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I would like to eventually improve the articles on unitary irreps of the Poincare group, but I am having some doubts that I hope one of you could clear up quickly. In the article unitary group there is no mention of the topology of $U(H)$, where $H$ is a (we’ll say separable) Hilbert space. It seems to me the most natural choice of topology would be as a subspace of $L(H, H)$, the space of bounded linear operators with the norm topology. But in reading accounts of Stone’s theorem, I am led to believe this is not the topology chosen; rather one chooses the strong operator topology, the smallest topology such that all evaluation maps $ev_h: L(H, H) \to H$ are continuous.
Could someone confirm for me the correct topology on the unitary group, to be used in the article unitary group? If it is the strong operator topology, are there any nice high-level or conceptual reasons why that should be the one chosen (besides the fact that it might be needed to make Stone’s theorem rigorous)?
I asked my question at the Café, and John Baez kindly responded. Yes, it is apparently the so-called strong operator topology that is meant. (I didn’t ask the question about conceptual explanations.) But now I have another question: at Kuiper’s theorem it was mentioned that $U(H)$ is contractible in “the” operator topology, but when I click on that article, I found not one but several operator topologies mentioned. So which one does Kuiper’s theorem refer to?
Hi Todd,
probably the references that explicitly claim to be about mathematical physics do mention this. For instance The Mathematics any Physicist should know , around page 9.
Concerning Kuiper’s theorem: I guess the Wikipedia article gives the relevant pointers. Originally proven for the norm topology, the theorem does hold for the strong operator topology, too.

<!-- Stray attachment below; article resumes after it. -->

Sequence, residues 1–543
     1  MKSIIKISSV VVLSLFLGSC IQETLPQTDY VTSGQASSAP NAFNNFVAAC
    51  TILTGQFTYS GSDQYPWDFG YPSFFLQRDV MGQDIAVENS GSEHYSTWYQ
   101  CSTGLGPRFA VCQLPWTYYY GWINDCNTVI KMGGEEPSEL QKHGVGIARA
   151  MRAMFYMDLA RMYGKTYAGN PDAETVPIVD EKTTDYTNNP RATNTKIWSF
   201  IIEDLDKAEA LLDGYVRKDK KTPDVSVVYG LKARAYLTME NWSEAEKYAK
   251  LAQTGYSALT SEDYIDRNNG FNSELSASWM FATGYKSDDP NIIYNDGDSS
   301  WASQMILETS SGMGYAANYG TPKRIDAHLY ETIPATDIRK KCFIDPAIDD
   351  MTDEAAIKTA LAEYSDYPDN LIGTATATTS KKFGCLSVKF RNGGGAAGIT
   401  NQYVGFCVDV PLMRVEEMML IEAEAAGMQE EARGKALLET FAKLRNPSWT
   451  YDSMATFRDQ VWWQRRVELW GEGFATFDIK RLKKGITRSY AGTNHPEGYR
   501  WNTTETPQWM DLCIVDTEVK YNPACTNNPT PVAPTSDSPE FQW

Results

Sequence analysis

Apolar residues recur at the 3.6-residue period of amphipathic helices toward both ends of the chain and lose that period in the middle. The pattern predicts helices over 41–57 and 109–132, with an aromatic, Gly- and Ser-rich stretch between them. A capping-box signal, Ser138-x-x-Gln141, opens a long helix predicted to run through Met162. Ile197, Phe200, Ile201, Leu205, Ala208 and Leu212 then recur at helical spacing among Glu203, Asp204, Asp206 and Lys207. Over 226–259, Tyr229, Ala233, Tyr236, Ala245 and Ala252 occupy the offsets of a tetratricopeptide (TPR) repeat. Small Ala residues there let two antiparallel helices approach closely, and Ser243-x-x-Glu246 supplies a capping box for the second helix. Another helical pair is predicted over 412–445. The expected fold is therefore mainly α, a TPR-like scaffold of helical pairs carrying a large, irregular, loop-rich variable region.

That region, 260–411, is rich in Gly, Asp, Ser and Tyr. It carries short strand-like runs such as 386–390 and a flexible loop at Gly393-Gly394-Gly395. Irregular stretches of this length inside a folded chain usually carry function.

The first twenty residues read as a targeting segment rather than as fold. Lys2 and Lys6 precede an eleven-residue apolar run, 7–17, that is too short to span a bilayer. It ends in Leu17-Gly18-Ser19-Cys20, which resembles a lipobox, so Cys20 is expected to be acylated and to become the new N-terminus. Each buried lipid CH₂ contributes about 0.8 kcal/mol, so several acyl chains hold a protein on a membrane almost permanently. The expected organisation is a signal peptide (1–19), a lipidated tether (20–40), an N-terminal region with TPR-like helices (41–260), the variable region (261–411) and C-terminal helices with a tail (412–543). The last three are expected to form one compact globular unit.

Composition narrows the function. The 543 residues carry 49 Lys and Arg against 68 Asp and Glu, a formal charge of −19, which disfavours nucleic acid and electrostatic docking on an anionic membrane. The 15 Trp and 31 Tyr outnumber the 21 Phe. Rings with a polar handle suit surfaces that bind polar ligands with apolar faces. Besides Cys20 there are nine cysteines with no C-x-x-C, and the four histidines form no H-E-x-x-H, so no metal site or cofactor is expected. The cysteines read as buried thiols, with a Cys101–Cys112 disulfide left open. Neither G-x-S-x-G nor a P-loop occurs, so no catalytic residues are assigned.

All the nLab entries on these matters deserve to be improved, certainly.
Thanks, Urs – that looks like a really nice reference. I put in some changes at unitary group and Kuiper’s theorem to reflect what you have just told me.
I am still curious though as to whether a nice categorical or nPOV story could be told about the strong operator topology in particular, as this is apparently the correct topology for purposes of studying unitary representations of Lie groups.
I am still curious though as to whether a nice categorical or nPOV story could be told about the strong operator topology in particular, as this is apparently the correct topology for purposes of studying unitary representations of Lie groups.
Yes, I think that’s a very good question. I am not sure that I know the answer, but I want to look some things up and see. I’ll try to get back to you on this. Unfortunately, right now I must be concentrating on something else.
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